Wednesday, September 28, 2011

Supreme Court substitutes death sentence by L.I.

When Supreme Court substitutes death sentence imposed by the trial court and confirmed by the High Court by a sentence of imprisonment for life, it deserves appreciation.  Each such decision by the Supreme Court helps to correct the distortions which marked the jurisprudence over the years.  In today's judgment in Rajesh Kumar v The State through the Government of NCT of Delhi, Justices A.K.Ganguly and D.K.Jain explain how the HC erred in awarding death sentence to the convict. 

Sunday, September 25, 2011

A Lakhman Rekha for The Judiciary

This has got to be one of the most interesting back-and-forth during a Supreme Court argument. Gone are the days of judges passively listening to senior advocates drone on and on. This bench, at least, seems to be in a combative mood.

Men's Only Bar in Bombay?

Why is it so hard for women to become senior advocates in Bombay? This is a national disgrace. I'm sure the numbers aren't much better at other high courts or in the Supreme Court. No wonder we so few women judges across the country.

Friday, September 23, 2011

GLC Essay Writing Competition

The Magazine Committee of Government Law College, Mumbai has called for papers for the 11th Vyas – Government Law College National Legal Essay Competition. The winners receive a cash prize and the top two essays are published in mĂ©LAWnge, the annual college magazine. The competition is judged by sitting judges of the Bombay High Court. The 10th edition of this competition was judged by Hon’ble Shri Justice J. P. Devadhar, Hon’ble Shri Justice V. M. Kanade, Hon’ble Shri Justice A. S. Oka, Hon’ble Shri Justice S. J. Kathawalla, Hon’ble Shri Justice K. K. Tated, Hon’ble Smt Justice Bhatkar amongst several others.

This year’s topics are:
1) International tax treaties – Examples of globalised corporate governance or infringements of national sovereignty?
2) Is the proposed legislation on Public Interest Disclosure sufficient to protect India's whistleblowers?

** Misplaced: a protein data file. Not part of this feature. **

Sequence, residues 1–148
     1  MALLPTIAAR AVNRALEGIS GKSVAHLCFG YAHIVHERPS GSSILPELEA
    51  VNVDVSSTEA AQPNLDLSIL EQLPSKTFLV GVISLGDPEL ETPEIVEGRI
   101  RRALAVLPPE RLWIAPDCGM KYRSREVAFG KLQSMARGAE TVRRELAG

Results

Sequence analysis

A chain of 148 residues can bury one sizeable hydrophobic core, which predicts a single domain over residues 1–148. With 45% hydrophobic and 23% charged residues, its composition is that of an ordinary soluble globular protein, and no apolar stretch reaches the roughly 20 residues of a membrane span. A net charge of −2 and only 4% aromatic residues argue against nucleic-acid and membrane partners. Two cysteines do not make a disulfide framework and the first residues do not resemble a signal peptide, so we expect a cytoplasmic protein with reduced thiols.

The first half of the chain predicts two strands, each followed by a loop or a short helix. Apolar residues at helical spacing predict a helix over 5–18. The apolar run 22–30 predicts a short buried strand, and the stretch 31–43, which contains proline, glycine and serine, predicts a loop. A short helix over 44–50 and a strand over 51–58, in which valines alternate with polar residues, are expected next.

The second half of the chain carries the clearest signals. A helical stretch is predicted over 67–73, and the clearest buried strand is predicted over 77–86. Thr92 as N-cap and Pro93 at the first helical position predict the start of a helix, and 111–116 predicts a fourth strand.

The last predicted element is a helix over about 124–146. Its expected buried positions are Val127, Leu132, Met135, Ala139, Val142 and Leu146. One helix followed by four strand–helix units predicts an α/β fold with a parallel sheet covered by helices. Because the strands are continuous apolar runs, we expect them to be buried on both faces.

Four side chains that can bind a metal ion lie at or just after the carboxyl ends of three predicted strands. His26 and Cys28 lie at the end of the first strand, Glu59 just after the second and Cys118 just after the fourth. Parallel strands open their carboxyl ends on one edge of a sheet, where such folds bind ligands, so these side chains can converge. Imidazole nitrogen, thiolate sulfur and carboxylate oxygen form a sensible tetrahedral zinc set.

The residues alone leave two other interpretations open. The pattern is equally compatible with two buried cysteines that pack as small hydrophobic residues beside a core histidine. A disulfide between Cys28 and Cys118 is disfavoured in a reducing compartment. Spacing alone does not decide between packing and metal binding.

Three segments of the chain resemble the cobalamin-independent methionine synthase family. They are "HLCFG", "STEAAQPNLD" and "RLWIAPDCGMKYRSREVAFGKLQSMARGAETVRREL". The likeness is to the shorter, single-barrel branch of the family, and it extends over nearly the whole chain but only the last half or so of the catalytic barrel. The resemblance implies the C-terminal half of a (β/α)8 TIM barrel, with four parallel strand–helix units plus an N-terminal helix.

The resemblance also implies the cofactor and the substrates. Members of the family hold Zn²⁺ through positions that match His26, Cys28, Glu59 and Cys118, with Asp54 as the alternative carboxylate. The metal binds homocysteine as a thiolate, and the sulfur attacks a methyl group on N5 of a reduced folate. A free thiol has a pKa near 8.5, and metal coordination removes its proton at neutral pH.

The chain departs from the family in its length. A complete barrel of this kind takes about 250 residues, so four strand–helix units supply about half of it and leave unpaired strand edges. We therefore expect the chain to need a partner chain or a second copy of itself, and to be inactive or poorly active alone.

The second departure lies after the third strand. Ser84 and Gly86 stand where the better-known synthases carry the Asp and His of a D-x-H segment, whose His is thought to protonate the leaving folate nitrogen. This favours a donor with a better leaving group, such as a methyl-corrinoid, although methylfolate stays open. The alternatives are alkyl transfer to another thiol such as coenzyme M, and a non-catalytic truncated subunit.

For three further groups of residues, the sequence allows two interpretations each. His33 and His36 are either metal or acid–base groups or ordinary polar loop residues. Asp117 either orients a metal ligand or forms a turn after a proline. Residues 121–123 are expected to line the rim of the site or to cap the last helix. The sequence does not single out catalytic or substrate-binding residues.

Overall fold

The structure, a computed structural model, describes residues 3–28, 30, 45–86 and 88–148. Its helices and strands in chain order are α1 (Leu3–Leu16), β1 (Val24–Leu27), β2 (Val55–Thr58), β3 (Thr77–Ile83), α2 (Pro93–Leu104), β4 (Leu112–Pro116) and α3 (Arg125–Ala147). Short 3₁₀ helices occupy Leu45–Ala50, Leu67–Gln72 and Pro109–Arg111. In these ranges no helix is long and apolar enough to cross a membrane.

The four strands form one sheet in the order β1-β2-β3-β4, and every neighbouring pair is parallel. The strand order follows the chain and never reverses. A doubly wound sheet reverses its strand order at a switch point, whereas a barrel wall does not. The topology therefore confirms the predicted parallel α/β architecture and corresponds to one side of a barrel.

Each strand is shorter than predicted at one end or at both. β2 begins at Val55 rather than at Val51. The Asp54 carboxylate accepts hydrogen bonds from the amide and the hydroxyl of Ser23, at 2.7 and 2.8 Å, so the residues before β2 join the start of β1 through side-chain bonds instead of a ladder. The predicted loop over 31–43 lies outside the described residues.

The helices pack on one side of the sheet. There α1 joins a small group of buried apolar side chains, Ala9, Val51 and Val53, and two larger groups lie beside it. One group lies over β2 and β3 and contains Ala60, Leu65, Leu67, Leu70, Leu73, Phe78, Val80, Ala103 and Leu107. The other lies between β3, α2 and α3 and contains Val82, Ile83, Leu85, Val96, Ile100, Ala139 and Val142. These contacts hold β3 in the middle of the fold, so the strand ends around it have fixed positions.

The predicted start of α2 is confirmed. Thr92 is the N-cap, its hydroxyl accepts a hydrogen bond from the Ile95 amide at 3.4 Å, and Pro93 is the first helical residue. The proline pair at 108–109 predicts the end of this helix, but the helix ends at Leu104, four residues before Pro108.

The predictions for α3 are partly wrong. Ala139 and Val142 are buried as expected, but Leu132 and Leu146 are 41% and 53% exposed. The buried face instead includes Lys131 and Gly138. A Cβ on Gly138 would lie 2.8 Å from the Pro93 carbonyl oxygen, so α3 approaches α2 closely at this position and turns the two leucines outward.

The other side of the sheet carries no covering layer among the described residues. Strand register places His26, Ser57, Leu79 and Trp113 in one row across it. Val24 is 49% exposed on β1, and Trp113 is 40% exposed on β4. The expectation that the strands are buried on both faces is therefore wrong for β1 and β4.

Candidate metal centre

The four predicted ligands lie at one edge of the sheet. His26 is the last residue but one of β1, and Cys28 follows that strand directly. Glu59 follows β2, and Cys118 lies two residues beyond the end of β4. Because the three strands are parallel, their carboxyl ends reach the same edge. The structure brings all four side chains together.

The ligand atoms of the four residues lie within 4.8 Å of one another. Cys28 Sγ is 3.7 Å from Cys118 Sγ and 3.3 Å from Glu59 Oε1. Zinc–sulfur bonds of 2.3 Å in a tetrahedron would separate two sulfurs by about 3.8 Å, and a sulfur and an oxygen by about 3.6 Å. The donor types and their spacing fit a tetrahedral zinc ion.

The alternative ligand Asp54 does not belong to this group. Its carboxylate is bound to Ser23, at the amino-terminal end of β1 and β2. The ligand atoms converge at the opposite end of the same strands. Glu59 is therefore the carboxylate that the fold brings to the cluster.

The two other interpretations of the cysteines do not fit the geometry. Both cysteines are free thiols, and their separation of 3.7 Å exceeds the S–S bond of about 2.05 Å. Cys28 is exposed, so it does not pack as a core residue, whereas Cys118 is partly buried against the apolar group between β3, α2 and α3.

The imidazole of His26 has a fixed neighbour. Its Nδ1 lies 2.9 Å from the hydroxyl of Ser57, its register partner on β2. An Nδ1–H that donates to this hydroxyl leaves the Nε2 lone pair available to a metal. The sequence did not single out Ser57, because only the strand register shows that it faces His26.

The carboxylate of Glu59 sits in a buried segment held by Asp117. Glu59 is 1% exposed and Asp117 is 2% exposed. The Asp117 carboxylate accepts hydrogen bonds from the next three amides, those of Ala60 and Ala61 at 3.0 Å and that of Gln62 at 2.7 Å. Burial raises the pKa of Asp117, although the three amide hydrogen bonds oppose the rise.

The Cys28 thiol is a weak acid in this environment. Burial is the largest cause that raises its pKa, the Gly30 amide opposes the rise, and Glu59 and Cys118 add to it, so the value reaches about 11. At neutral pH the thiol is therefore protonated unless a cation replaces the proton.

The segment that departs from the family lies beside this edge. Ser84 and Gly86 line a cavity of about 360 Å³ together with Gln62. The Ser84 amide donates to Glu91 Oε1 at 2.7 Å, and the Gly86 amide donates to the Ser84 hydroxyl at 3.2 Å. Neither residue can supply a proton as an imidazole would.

3) Jaitapur Nuclear Power Project – Is the promise of the largest nuclear power generating station in the world overshadowing public safety and environmental concerns?
4) Land Acquisition and Resettlement and Rehabilitation Bill, 2011- A boon or a bane?
5) Sedition laws in India and the National Security Act 1980 – A necessity or a deprivation of constitutional and statutory rights?

For further information please visit or write to

The committee also organizes the BELLES-LETTRES J.E. Dastur Memorial Government Law College Short Fiction Essay Writing Competition, which has been judged by authors like Gregory Roberts and Ruskin Bond in the past. Visit the website for more details.

Thursday, September 15, 2011

Supreme Court's latest judgment on death penalty: A critique

Supreme Court’s recent judgment in Ajitsingh Harnamsingh Gujral v. State of Maharashtra, (hereafter referred to as Ajitsingh) deserves a close study by all those concerned about the award of death penalty in India. There can be no doubt that one would be horrified by the brutality of the murders found to have been committed by the appellant in this case.  It is difficult to disagree with the Bench that circumstantial evidence is overwhelmingly against the appellant.

There are certain flaws in the judgment which are also the flaws of  many judgments which the Bench has cited. There are exactly 32 precedents which the Bench cited and all of them are in defence of the Bench’s argument that the most heinous and barbaric murders are also invariably the rarest of rare cases which call for imposition of death penalty.

Rightly and most expectedly, the Bench began with the Supreme Court's judgment in the Bachan Singh case and cited the crucial sentence in Paragraph 58: